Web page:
The power of one small word, Empathy, and the compelling impact it has on job satisfaction, workplace motivation and productivity. It’s a hard sell. At first you might wonder what could workplace empathy possibly have to do with job performance. The answer?
A lot and more than you might realize.
How Does Empathy Work?
It’s simple science. Empathy neutralizes negativity. When you’re frustrated, angry or dissatisfied with a coworker, your ability to temporarily take that person’s perspective and see his or her point of view is a powerful tool. It softens your negative emotions, and both you and your colleague respond more positively, clearing the way for an equitable solution to the problem. Here’s an example. Imagine you’re having dinner with someone special in an expensive restaurant with candlelight, soft music and intimate conversation. Your server is invasive, impatient and short tempered. How would you feel? Most people would say annoyed or angry. Then the manager informs you that the server’s little boy was killed in a car wreck that she’s a single mom and has to work. Now how would you feel? Most people would say empathetic.
What changed? She’s still the same. But something inside you switched from anger to empathy because you automatically put yourself in her place. Chances are you feel kinder, and your actions toward her are positive despite her unprofessional behavior. Your empathy might even change your decision-making process. You might leave her a generous tip despite the poor service. The ability to temporarily take up residence in someone else’s perspective frees you from your own narrow thoughts and snap judgments. It neutralizes your hard feelings and imbues you with a softer approach to disputes and difficult employees.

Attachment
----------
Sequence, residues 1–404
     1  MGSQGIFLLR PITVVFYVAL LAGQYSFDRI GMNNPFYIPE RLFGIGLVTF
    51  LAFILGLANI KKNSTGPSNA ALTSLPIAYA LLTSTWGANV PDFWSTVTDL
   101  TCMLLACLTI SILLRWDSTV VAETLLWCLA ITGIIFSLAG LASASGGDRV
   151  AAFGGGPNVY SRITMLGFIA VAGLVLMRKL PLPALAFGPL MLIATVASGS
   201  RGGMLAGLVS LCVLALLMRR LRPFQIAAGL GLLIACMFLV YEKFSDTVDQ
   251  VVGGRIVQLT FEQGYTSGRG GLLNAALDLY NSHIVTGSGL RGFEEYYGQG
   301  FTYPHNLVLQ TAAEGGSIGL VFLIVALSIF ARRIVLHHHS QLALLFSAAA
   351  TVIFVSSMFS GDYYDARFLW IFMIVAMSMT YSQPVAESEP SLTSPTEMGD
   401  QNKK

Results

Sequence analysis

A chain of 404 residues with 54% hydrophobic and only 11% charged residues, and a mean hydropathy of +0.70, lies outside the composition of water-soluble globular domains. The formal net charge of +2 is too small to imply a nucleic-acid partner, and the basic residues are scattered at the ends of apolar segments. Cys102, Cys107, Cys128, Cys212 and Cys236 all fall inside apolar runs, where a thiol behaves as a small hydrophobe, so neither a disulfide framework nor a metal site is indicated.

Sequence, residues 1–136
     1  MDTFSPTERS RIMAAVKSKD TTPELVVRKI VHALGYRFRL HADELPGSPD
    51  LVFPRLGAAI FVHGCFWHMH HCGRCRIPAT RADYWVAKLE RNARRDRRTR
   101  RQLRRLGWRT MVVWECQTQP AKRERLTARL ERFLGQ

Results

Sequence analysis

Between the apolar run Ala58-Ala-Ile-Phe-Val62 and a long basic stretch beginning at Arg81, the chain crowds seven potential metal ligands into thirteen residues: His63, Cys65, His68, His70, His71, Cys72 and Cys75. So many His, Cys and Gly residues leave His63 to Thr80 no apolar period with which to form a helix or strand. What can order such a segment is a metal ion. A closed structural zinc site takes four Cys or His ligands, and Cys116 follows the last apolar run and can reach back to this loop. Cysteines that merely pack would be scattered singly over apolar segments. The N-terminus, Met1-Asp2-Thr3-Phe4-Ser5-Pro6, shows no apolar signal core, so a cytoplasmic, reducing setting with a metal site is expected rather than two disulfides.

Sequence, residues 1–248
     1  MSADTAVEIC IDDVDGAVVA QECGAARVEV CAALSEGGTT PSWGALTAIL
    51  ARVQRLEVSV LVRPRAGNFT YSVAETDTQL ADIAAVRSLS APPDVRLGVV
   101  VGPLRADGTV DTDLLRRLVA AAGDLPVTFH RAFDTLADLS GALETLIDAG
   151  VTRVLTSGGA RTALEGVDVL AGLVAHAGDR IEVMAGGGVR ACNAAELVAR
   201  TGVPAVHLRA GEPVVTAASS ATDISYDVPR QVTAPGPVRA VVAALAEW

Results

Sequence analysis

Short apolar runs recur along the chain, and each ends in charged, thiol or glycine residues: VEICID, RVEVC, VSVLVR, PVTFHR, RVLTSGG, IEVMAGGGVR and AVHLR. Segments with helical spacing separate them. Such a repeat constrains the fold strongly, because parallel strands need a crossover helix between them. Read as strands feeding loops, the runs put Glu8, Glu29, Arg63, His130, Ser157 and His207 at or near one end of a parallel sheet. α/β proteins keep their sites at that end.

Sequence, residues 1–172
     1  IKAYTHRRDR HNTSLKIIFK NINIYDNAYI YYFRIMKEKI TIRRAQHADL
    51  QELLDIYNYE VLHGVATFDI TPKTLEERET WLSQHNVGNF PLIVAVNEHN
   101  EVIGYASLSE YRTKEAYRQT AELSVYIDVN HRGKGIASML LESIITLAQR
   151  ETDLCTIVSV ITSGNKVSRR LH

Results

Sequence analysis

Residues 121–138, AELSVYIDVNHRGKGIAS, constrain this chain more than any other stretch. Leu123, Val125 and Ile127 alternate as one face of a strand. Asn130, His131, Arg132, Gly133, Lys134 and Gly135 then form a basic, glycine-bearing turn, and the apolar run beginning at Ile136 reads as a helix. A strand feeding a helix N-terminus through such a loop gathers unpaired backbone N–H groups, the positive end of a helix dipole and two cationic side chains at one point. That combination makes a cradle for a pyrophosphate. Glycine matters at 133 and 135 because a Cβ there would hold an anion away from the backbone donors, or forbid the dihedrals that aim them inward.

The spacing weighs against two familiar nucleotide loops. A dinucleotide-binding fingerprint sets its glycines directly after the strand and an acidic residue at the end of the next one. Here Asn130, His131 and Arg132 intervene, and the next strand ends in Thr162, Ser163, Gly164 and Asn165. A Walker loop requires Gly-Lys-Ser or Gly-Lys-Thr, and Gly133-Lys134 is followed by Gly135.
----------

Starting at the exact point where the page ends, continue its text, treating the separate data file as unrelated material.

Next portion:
What Does The Research Show?
Studies show that the expression of empathy has far-reaching effects in your personal and professional lives. It’s increasingly recognized as a pivotal leadership tool in today’s global market, benefiting leadership effectiveness.
Rae Shanahan, Chief Strategy Officer at Businessolver, just released an Empathy Study and found that nine out of ten employees, HR professionals and CEOs believe that empathy is important to an organization, especially when the company recognizes the importance of mental health. According to the findings, CEOs, in particular, are dialed in to the empathy conversation, calling for change in 2019. Over 90% of employees reported that mental health benefits is one of the biggest demonstrations of empathy. Fully 90% of employees said that an employer who recognizes the importance of mental health is more likely to retain employees. Employees believed when organizations provide mental health benefits or programs it can amp up productivity (48%) and motivation (42%), reduce turnover (39%) and create a sense of belonging in the organization (36%).
How Can Workplace Empathy Benefit Me?
In the workplace, you never know the hidden emotional burdens employees, coworkers or employers carry on a daily basis. But when you hold your judgment at arms length and get curious about an unpleasant or unacceptable situation, it can make a huge difference in how you respond and the work morale you create.